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Computation of Phase Fractions in Austenite Transformation with the Di-latation Curve for Various Cooling Regimes in Continuous Casting
KTH, School of Industrial Engineering and Management (ITM), Materials Science and Engineering, Applied Material Physics. Chongqing University, China.
KTH, School of Industrial Engineering and Management (ITM), Materials Science and Engineering, Applied Material Physics.
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(English)Manuscript (preprint) (Other academic)
National Category
Metallurgy and Metallic Materials
Identifiers
URN: urn:nbn:se:kth:diva-177918OAI: oai:DiVA.org:kth-177918DiVA: diva2:875026
Note

QS 2015

Available from: 2015-11-30 Created: 2015-11-30 Last updated: 2015-11-30Bibliographically approved
In thesis
1. Temperature dependent mechanical properties of as-cast steels: Experimental and theoretical studies
Open this publication in new window or tab >>Temperature dependent mechanical properties of as-cast steels: Experimental and theoretical studies
2015 (English)Licentiate thesis, comprehensive summary (Other academic)
Abstract [en]

The temperature-dependent mechanical properties of steels are important to avoid processing defects, to understand and to improve the high-temperature performance. At the same time, having access to thermal properties gives us opportunity to assess the first-principles theoretical predictions at elevated temperatures. These properties are directly bound up with the performance of individual phase and also the evolving microstructure states at different thermalmechanical processes. In the present thesis, the temperature-dependent mechanical properties of continuously cast steels and iron are investigated using experimental and theoretical methods. Experimental studies are performed centering on the influence of thermal cycles occurring in secondary cooling.

The temperature reversion in secondary cooling makes the hot ductility trough occurring at higher temperatures with greater depth. Increasing the reversion rate, the low temperature end of the ductility trough slightly extends to lower temperatures. As indicated by microstructure examinations, the intergranular fracture contributed from the thin film-like ferrite and (Fe,Mn)S particles slightly changes with the varying thermal cycles; however, the widmanstatten ferrite observed in the temperature reversion process seriously deteriorates the ductility. Due to the temperature reversion process, the peak stress slightly declines and the peak of strain to peak stress moves to higher temperatures. On the other hand, the sequential formations of ferrite and pearlite in the austenite transformation are indicated by two distinct peaks on the thermal expansion coefficient. By applying the developed concise model, the volume fractions of ferrite, pearlite, and austenite are quantitatively monitored in the phase transformation. Either increasing the cooling rate or the content of austenite stabilizing atoms Ni and Cu, the austenite transformation occurs at relatively low temperatures and indicates a greater phase transformation rate for both ferrite and pearlite. In addition, the final fraction of ferrite/pearlite increases/decreases with increasing the cooling rate, increasing the alloying atoms like Ni, Cr and Cu or lowering the carbon content.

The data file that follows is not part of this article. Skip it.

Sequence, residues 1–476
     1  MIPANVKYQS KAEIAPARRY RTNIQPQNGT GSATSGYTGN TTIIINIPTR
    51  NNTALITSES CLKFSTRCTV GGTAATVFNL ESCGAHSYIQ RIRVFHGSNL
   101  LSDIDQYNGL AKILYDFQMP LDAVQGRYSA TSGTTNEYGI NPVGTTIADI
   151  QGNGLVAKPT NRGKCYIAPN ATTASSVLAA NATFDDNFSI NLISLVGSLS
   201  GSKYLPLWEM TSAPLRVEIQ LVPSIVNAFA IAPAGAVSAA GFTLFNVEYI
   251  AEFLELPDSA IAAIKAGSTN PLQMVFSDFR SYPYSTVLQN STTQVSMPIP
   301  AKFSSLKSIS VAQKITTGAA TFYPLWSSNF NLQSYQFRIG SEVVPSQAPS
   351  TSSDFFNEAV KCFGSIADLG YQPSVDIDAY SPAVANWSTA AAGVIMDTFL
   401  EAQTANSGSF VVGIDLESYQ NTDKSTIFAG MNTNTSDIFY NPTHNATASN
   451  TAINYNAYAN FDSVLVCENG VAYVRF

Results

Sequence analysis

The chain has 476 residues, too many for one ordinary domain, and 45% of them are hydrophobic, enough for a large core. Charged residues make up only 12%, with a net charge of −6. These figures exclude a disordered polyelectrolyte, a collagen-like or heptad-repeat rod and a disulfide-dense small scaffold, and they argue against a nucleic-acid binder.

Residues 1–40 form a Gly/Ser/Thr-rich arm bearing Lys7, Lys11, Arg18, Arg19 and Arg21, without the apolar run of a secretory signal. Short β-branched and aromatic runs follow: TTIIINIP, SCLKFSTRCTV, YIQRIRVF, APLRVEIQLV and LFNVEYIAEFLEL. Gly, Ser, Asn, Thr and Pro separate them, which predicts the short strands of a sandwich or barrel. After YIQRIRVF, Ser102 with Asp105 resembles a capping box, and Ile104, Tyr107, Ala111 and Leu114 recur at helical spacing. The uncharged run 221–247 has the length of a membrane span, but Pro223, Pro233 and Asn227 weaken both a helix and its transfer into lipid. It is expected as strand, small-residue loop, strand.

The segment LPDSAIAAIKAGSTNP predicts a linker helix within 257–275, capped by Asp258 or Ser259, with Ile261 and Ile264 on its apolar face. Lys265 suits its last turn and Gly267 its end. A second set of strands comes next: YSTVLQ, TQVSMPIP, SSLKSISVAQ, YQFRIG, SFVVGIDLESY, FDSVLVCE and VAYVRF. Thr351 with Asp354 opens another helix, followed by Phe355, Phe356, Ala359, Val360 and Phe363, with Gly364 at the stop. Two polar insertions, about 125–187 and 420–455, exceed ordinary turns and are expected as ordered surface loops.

The temperature dependence of the polycrystalline Young’s modulus and the tetragonal shear modulus c0 of iron is predicted using ab initio calculations within the exact muffin-tin orbitals formalism. The dependence exhibits a good consistency with that of the peak stress observed in the experiments for the commercial steel. Despite the significant effects of magnetic sate and crystal structure on the elastic property of iron, the magneto-volume coupling primarily determines the temperature dependence for the single phase. In contrast, the dominant role of the volume expansion is observed for both the paramagnetic (PM) face centered cubic (fcc) and body centered cubic (bcc) Fe, although they show different magneto-elastic behaviors. Based on the theoretically predicted thermal expansion for PM bcc Fe, both the lattice vibrations and the magnetic evolution contribute to the thermal expansion, and the former is dominant.

Place, publisher, year, edition, pages
Stockholm: KTH Royal Institute of Technology, 2015. viii, 40 p.
National Category
Metallurgy and Metallic Materials
Identifiers
urn:nbn:se:kth:diva-177907 (URN)978-91-7595-777-7 (ISBN)
Presentation
2015-12-04, Sal N111, Brinellvägen 23, KTH, Stockholm, 10:00 (English)
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QC 20151130

Available from: 2015-11-30 Created: 2015-11-30 Last updated: 2015-11-30Bibliographically approved

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